Engineers learn about test-driven development in college classes or bootcamps. One of our developers recently told me he learned TDD was a “best practice, but no one actually does it.”
Basically, he learned it was a good thing to talk about in a job interview. Outside of that, it probably wouldn’t be something he had to do.
Before we dive into why this is, let’s have a brief definition of TDD
. Generally, it means is you write tests before you write code.
Your test says something like: “I expect a user to be able to log in using Google.”
At first it fails, because the application only lets people log in with their own username and password. Then, you write the code to allow users to log in with Google. All of a sudden, your test passes. Tada! That’s TDD.
The beauty of TDD is that it focuses your work. You know exactly how you want the code to perform, and then you get it to do that thing.
Test-driven development also ensures that if someone unwittingly removes a line of code and breaks the Google login, the test fails. Everyone knows immediately what went awry.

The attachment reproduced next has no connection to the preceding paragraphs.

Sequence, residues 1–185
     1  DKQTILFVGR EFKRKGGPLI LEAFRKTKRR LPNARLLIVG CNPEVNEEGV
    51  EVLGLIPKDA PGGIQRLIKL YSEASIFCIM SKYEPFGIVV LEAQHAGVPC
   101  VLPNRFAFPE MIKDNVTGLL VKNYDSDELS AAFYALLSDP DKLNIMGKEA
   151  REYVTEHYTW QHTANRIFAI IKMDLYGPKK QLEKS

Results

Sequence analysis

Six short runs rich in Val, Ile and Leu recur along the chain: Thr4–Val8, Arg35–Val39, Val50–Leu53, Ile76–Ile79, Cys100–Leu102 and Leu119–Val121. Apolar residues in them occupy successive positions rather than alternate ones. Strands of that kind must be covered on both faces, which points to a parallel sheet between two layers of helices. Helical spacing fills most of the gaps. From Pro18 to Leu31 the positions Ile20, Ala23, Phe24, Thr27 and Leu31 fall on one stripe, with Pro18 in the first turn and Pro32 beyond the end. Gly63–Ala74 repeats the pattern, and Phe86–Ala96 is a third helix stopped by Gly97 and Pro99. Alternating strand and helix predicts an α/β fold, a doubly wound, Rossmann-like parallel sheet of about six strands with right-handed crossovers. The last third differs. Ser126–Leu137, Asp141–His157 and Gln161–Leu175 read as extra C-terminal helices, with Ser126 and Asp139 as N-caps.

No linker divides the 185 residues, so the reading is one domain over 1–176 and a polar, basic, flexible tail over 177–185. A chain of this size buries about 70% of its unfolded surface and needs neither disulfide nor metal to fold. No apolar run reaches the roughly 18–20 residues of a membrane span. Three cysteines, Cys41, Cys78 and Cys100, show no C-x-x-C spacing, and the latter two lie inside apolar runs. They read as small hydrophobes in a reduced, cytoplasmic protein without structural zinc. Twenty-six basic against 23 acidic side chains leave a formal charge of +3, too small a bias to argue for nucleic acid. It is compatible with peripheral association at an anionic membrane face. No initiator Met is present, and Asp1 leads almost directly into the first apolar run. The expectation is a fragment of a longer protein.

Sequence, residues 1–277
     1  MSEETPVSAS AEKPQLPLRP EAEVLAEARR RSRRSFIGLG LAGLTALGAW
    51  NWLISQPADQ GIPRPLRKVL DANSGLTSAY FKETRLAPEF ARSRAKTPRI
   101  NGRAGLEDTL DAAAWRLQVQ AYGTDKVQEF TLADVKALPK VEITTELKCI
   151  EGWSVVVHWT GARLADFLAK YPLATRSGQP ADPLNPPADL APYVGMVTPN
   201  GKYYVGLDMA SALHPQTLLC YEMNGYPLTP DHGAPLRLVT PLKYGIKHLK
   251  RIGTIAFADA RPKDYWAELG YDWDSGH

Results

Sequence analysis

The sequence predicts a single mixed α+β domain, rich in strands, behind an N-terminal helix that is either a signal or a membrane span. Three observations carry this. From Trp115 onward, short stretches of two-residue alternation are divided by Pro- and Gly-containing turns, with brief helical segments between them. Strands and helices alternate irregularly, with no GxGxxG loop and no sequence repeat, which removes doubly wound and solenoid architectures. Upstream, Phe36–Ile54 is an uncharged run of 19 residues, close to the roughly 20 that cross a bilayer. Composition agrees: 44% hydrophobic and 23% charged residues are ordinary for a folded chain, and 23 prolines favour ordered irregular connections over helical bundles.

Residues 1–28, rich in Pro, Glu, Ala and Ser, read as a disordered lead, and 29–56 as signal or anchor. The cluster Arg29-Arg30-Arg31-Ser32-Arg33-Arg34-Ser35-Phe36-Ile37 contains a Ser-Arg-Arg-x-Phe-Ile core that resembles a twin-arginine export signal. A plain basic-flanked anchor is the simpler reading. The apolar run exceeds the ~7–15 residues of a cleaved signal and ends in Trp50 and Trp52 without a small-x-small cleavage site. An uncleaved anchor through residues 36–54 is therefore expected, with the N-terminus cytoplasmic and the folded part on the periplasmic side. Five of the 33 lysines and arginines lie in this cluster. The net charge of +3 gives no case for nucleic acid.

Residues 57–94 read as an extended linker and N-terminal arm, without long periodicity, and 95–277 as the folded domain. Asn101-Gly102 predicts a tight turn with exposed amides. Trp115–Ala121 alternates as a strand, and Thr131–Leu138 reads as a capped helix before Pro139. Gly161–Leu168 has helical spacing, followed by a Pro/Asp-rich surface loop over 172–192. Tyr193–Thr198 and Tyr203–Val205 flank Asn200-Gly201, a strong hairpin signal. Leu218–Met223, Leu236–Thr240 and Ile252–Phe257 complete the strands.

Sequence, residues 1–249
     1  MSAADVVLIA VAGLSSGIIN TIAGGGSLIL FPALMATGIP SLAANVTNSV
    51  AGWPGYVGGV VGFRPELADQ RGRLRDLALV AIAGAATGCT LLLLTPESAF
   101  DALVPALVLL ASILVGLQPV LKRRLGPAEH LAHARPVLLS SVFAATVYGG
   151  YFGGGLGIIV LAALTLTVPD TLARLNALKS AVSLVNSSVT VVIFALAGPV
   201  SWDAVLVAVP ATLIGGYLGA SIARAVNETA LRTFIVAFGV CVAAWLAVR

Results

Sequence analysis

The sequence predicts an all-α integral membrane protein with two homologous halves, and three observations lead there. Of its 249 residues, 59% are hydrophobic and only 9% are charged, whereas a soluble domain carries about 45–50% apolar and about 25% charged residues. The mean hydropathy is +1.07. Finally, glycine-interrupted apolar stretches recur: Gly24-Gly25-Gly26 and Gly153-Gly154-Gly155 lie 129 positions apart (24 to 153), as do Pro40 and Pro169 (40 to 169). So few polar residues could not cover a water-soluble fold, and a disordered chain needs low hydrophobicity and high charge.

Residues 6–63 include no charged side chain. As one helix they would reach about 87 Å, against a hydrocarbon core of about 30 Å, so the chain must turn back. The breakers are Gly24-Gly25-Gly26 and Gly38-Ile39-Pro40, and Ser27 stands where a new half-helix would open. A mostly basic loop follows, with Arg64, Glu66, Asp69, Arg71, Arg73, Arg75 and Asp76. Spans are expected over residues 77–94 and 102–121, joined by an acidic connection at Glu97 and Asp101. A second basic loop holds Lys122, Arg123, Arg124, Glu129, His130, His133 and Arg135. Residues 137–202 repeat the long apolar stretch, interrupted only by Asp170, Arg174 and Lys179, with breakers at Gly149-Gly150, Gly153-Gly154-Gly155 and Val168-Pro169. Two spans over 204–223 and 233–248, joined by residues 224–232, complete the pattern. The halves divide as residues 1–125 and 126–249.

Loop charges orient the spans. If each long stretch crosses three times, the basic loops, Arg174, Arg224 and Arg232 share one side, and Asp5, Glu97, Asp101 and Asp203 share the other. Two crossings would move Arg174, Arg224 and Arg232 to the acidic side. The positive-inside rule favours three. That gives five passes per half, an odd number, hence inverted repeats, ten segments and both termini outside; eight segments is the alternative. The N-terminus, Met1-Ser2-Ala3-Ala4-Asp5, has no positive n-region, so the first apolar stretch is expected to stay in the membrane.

Testing this way helps maintain consistency. It also prevents anyone from introducing new bugs that break existing functionality.
Our new hire was surprised that we actually practice TDD at Radial. Even though it has all these advantages, it is often overlooked.
Often, non-technical project managers see TDD as a time sink. It does take time. It also means businesses and developers have to prioritize what is important to test, and what isn’t worth it.
As any engineer who has pulled an all-nighter hunting a regression bug will attest: TDD saves time in the long run. But many engineering cultures focus primarily on short-term results and discount these longer term costs.
Whether it is 3 months or 3 years later, a lack of quality testing will drag your project down eventually. The question is, do you want to pay the cost incrementally up front, or in large chunks later on? It’s worth thinking about.